The Georgia Tea Party Exploratory Committee

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With the holidays approaching and the jobs market barely chugging along, now is not the time to allow unemployment extensions go by the wayside. Yet the current package of extensions expires on November 30th, and unless Congress acts quickly, 1.2 million people will be left out in the cold during the holiday season.

December will be a stark month for over a million people facing a cut-off of their federal benefits, which are made up of the Emergency Unemployment Compensation (EUC) and Extended Benefits (EB) programs. And this experience may not be new: earlier this summer, congressional gridlock left about 2.5 million people cut-off from federal benefits starting in June. After a long and protracted fight, the federal

december exhaustionsAs our new analysis shows, without reauthorization, over a million people will fall off the rolls in December. This includes over 800,000 people who will finish out one of their EUC tiers and will not be able to move on to the next available set of weeks available in their state, whether through another EUC tier or Extended Benefits. Additionally, nearly 400,000 people will lose all access to any form of an extension after running out of their regular state benefits, which only are allotted for up to 26 weeks. This means that in most states, recently laid-off workers will receive only six months of benefits or less, even though unemployment is as high or higher than it was when the current federal programs were first enacted.

programs were finally restored, but Congress’ failure to renew them in time left some families without benefits for nearly two months.

And the unemployment crisis is going nowhere fast. We’ve had 17 consecutive months with unemployment rates above nine percent, and there is still only one job opening for every five jobless workers. All told, we need 11.5 million jobs to dig ourselves out of this jobs crisis and reach the level of employment we had prior to the recession. Now is clearly not the time to have dragged-out debates about renewing federal benefits that will leave millions with few other options if they run out.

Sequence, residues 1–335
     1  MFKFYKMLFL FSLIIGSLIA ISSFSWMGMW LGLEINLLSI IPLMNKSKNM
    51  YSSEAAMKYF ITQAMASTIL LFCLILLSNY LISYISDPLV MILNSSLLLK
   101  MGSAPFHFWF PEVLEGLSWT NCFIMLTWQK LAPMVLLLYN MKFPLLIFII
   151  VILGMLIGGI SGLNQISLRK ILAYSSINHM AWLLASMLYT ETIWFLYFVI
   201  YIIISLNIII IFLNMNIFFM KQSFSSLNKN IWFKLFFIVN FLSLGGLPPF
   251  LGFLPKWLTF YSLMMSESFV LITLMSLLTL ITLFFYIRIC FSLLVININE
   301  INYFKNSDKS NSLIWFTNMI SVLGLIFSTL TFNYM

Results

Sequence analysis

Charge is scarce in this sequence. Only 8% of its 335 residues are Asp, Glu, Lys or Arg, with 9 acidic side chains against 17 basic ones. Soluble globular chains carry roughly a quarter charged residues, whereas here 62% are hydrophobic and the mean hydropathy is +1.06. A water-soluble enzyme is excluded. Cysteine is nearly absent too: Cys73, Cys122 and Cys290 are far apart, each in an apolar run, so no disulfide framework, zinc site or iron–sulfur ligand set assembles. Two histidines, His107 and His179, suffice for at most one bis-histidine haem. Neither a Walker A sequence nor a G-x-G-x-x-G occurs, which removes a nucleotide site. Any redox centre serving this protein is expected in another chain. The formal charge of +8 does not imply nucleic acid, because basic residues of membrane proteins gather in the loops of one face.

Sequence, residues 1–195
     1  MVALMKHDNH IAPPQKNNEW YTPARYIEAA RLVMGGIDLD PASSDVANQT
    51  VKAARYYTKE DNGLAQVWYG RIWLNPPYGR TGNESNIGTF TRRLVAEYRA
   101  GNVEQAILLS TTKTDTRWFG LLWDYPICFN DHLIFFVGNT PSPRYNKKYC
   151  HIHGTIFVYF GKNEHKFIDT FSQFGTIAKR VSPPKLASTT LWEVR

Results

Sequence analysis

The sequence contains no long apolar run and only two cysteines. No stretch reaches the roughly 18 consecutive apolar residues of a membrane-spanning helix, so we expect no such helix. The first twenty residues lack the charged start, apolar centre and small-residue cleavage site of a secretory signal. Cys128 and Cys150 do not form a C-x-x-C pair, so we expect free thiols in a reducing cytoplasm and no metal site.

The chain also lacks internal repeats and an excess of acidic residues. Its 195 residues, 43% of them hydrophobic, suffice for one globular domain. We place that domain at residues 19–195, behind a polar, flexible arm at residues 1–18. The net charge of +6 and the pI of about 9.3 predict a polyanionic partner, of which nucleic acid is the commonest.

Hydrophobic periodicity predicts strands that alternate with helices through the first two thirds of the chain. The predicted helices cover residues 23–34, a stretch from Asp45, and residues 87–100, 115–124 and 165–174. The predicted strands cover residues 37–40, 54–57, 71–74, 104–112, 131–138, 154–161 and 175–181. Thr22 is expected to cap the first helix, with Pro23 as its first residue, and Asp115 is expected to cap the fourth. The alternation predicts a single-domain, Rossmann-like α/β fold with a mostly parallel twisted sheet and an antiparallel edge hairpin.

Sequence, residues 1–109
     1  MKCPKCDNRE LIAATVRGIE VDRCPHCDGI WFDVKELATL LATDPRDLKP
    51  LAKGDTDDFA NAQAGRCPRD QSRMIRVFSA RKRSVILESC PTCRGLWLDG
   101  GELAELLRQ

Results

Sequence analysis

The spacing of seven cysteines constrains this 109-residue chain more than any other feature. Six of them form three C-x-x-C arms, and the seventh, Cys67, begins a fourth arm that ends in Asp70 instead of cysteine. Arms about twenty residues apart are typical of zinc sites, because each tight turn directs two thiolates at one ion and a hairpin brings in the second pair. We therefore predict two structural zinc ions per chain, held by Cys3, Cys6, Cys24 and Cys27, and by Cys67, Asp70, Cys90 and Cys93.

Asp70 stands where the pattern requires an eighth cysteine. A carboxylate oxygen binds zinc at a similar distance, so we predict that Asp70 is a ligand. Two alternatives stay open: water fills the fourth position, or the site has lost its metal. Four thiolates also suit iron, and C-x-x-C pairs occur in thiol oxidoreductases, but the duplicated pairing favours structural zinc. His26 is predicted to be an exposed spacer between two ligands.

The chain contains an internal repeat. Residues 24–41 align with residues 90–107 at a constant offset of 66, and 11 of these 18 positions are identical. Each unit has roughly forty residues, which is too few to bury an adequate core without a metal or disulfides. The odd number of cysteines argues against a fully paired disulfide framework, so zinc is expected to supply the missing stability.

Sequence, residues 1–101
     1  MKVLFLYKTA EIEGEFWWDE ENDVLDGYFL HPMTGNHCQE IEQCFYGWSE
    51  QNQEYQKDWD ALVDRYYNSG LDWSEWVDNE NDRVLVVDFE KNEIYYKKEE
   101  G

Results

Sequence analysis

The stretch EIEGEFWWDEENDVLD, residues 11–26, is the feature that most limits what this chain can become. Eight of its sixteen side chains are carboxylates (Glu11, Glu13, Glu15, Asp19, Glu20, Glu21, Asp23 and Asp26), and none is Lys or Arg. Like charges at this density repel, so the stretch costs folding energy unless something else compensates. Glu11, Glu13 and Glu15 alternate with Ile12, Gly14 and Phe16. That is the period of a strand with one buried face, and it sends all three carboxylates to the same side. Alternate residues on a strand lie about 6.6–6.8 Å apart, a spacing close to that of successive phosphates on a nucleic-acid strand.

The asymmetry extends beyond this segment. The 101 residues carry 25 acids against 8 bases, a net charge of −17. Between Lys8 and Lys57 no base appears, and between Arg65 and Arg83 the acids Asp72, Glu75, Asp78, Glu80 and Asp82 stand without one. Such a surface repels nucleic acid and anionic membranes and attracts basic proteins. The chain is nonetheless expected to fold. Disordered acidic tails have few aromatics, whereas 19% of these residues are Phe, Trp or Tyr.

Over the summer, we started seeing a lot of hype in these debates about workers living the highlife on their unemployment benefits. But, the fact is that the program provides a modest income that is certainly not enough to deter individuals from working. Currently, the average extension recipient receives about $1,257 per month in benefits, which covers half the income needed for the most basic necessities of food, transportation and housing. This support helps keep families afloat: without benefits, an additional 3.3 million people would have fallen into poverty in 2009.

Just as much as they’re a lifeline for families, federal benefits are also a lifeline to the economy, especially holiday retail sales. As far as retailers and economic recovery are concerned, there is no worse time to cut job seekers off unemployment benefits, which boost spending and help generate jobs. Department stores, electronics chains, and discounters count on holiday sales for over one-fifth of their total annual revenues, and a lapse in benefits will hurt retailers, already struggling through a sluggish year, as consumer spending falls during the holiday season.

Cutting off unemployment benefits in November will certainly leave a lump of coal in the stockings of workers and retailers alike. When it returns to work on November 15th heading into the Thanksgiving holiday, Congress has a unique opportunity to set aside partisanship and come together in support of hardworking Americans on the extension of unemployment benefits. Never before in the history of the program have federal jobless benefits been cut when unemployment was this high for this long. Now is not the time to change course, when the economy and working families need the help most.

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